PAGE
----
Franz SCHAUFLER was born in Salzburg on October 19, 1914 in Salzburg and was baptized Roman Catholic. He was a child of Anna Fleischhacker from Linz, who had been working as a servant in Salzburg since September 1913. She moved to Ostermiething in Upper Austria after Franz was born and married Franz’ father there.

Research on Franz SCHAUFLER has discovered that he trained as a tailor, but as his police registration file only identifies him as a tailor’s assistant it suggests that he never completed his formal training.
During the Great Depression of the 1930s he seems to have led the restless life of a tramp and got into trouble with the authorities for »Vagrancy and begging«. The unemployment and poverty that made him live that way does not appear in the records.

Franz SCHAUFLER was registered properly in Salzburg starting in June 1938, at first as a sub-tenant on the 4th floor of 17 Goldgasse. Notably, his registration card under the Nazi regime carried the handwritten comment »Pol. Liste« (Police List), a notation that the Gestapo used to indicate politically suspect individuals so Franz SCHAUFLER was certainly not amember of the Nazi Party.

When the Second World War started SCHAUFLER was inducted into the 137th Mountain Infantry Regiment created in Military District XVIII (Salzburg). The 137th took part in the invasion of Norway in 1940 and SCHAUFLER was wounded there.

After his recovery he was reassigned to Salzburg and on November 4, 1940 he left the barracks without permission. He acquired civilian clothes and disguised as a civilian he worked briefly in a tailor shop. He spent his nights with a woman friend or in parked wagons.
He also reverted to his earlier criminal practices – stealing clothing and selling borrowed items in order to raise money. But nothing really worked and after about 3 weeks of freedom he was hunted down and arrested.

On January 8, 1941 Franz SCHAUFLER was brought to trial before the 188th Division Court Martial1 sitting in Salzburg. »In the name of the German people« it sentenced him to six years and five months imprisonment for »absence from his unit without permission« and other offenses.

His imprisonment in the Silesian fortress at Glatz only lasted 19 months as the army leadership had no intention of allowing soldiers to avoid service on the front lines and save their lives by committing offenses that would keep them imprisoned for the duration of the war.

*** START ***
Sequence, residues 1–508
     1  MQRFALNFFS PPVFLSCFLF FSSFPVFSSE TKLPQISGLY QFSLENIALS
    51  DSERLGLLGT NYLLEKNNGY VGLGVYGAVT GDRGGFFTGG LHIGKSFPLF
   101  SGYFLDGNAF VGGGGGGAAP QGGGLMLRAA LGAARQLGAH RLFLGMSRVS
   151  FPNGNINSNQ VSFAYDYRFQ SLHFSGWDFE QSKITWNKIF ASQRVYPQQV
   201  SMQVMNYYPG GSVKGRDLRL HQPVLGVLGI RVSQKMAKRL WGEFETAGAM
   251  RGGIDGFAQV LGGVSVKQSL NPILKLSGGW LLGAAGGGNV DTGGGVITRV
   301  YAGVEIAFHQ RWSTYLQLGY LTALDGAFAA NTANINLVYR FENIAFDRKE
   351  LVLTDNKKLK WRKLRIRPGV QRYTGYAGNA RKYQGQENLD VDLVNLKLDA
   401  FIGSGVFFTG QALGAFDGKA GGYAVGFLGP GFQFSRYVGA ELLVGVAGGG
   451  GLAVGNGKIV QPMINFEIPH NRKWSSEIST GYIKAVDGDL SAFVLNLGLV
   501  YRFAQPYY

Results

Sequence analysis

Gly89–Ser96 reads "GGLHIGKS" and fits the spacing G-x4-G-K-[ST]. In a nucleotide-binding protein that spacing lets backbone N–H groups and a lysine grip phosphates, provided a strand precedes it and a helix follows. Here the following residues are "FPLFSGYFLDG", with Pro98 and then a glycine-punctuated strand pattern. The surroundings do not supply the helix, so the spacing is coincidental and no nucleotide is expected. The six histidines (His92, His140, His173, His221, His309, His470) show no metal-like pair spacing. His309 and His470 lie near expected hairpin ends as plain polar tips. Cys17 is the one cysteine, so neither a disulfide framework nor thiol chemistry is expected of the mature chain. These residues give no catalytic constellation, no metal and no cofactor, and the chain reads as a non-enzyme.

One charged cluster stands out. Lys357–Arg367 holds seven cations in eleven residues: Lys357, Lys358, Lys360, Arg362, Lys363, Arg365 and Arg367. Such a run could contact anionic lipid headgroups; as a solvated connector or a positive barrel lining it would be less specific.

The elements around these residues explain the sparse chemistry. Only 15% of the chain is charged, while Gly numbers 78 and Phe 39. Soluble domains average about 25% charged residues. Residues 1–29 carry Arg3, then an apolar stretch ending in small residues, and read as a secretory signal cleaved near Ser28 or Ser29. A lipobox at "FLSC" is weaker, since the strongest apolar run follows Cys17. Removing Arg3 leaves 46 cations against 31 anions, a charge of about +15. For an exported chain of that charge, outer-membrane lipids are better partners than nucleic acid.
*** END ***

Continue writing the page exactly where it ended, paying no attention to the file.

On August 21, 1942 Franz SCHAUFLER was sent to the front as »probation in face of the enemy«.
We don’t know if his punishment service at the front in the war of extermination against the Soviet Union consisted of constructing bunkers and fortifications or clearing mines and recovering bodies.

For decades the court-martial convicted Franz SCHAUFLER was simply listed as missing in action, but in the year 2000, 55 years after the liberation of Austria, the St. John’s Parish in Salzburg got a notice from the Berlin I registry office that the 29 year old Franz SCHAUFLER had been killed near the Norwegian-Soviet border about 150 km northwest of Murmansk on October 7, 1944 – that was the desolate end of the criminal career of this unwilling soldier in the German Wehrmacht.

1 Court-martial of Division 188 in Salzburg, Kajetanerplatz 2: Kriegsgerichtsrat Dr. Marian Dumat as prosecutor and Oberkriegsgerichtsrat Dr. Hans Kleint as judge


  • The court-martial verdict of the 188th Division
  • The Release certificate of the German Military Prison in Glatz Silesia
  • Archives of the Salzburg Archdiocese (Parish registers)
  • Salzburg city and state archives
Author: Gert Kerschbaumer
Research: Esche Schörghofer
Translation: Stan Nadel

Stumbling Stone
Laid 25.09.2019 at Salzburg, Goldgasse 17

<p>HIER WOHNTE<br />
JG. 1914<br />
DESERTIERT NOV. 1940<br />
TOT 7. 10. 1944</p>
The symbol of Nazi Civil and Military Justice: the sword and scales of justice embedded with a swastika in the Nazi party eagle The court-martial verdict of the 188th Division Release certificate of the German Military Prison in Glatz Silesia

All stumbling stones at Goldgasse 17